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Hit the road with Cynthia Kinnunen‘s tips for artistic travel

Now that summer is finally here (or is it?), we are embarking on more outdoor adventures. And as we find ourselves on those adventures, there’s a good chance we’ll make a few new discoveries. Art discoveries, that is.

Particularly when travelling around with kids, there’s a whole lot of fun that can be had looking out for art.  You know, sculptures, outdoor installations, even funky houses can be taken notice of and appreciated, generating some interesting discussions.

As a kid that road-tripped a lot without the distractions of modern technologies (we had invisible ink quiz books, find the alphabet on license plates, sing along with classic rock on any radio station that might come in…), there were countless opportunities to search for weird and fantastic things to point out and discuss.

Like certain landmarks along familiar travel routes.  I remember watching for particular highway mailboxes of note on our regular drives down to the US: the crane with two booms; the tall, skinny Uncle Sam; and a fish with its mouth open for mail.  Or the other quirky, artsy landmarks: the big rooster or Pierre the Pantless Voyageur at Two Harbors, the Viking ship or Glensheen Mansion in Duluth. All art on one level or another, non?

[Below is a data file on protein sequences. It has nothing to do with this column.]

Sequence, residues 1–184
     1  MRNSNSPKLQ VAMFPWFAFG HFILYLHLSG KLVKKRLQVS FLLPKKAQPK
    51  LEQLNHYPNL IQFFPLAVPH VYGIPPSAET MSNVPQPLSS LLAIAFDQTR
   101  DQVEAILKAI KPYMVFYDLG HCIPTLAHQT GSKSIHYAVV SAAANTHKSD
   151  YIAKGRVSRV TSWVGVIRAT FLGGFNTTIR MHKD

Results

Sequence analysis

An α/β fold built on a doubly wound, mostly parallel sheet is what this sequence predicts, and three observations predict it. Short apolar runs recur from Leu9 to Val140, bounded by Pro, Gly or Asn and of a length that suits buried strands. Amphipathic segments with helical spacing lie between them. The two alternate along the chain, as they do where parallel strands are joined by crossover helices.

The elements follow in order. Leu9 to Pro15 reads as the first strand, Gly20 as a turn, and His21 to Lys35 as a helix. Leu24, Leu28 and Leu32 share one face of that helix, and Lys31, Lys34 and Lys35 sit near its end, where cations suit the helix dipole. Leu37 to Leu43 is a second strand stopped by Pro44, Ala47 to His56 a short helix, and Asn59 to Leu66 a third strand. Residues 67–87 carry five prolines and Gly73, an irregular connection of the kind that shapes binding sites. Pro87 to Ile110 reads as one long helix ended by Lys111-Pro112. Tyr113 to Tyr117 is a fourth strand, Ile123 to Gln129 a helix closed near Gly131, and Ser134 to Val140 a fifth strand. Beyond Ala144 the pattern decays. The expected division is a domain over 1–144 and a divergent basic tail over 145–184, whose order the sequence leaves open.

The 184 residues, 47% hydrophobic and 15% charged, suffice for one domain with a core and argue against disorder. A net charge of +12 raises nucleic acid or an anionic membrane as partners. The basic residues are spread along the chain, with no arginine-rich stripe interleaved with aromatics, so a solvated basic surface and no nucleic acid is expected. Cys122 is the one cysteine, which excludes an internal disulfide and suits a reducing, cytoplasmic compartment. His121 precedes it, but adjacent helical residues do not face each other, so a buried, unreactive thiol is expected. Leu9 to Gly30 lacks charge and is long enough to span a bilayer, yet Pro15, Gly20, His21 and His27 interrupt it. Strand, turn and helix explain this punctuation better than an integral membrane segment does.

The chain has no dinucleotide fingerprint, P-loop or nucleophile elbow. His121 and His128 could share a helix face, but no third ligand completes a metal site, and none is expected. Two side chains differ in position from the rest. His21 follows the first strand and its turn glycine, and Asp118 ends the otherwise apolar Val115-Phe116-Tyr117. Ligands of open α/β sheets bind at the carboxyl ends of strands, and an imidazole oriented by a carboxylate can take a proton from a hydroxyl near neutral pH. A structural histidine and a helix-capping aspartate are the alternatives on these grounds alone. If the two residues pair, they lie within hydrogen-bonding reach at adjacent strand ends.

I love that my kids can be open-minded enough to explore and talk about curious things we see (when they’re not high on sugar) and so we take advantage of those moments when we see something presents itself.  It can be enlightening to listen to a child’s interpretation of a sculpture that seems curiously like a large piece of bacon, for example.  “Why do you think the artist created this?” is one of my favourite questions.  They also make for some fun photo opps, of course.

Do you take advantage of artful inspiration when out with your kids?

Previously in Old School Still Cool: For the Love of Jello

Cynthia Kinnunen is a mom of three wonderfully quirky little people who love music, old and new-school adventures and acting as silly as possible. She’s a freelance writer who blogs for fun at Crumbs in the Minivan and Maple Mixtape.

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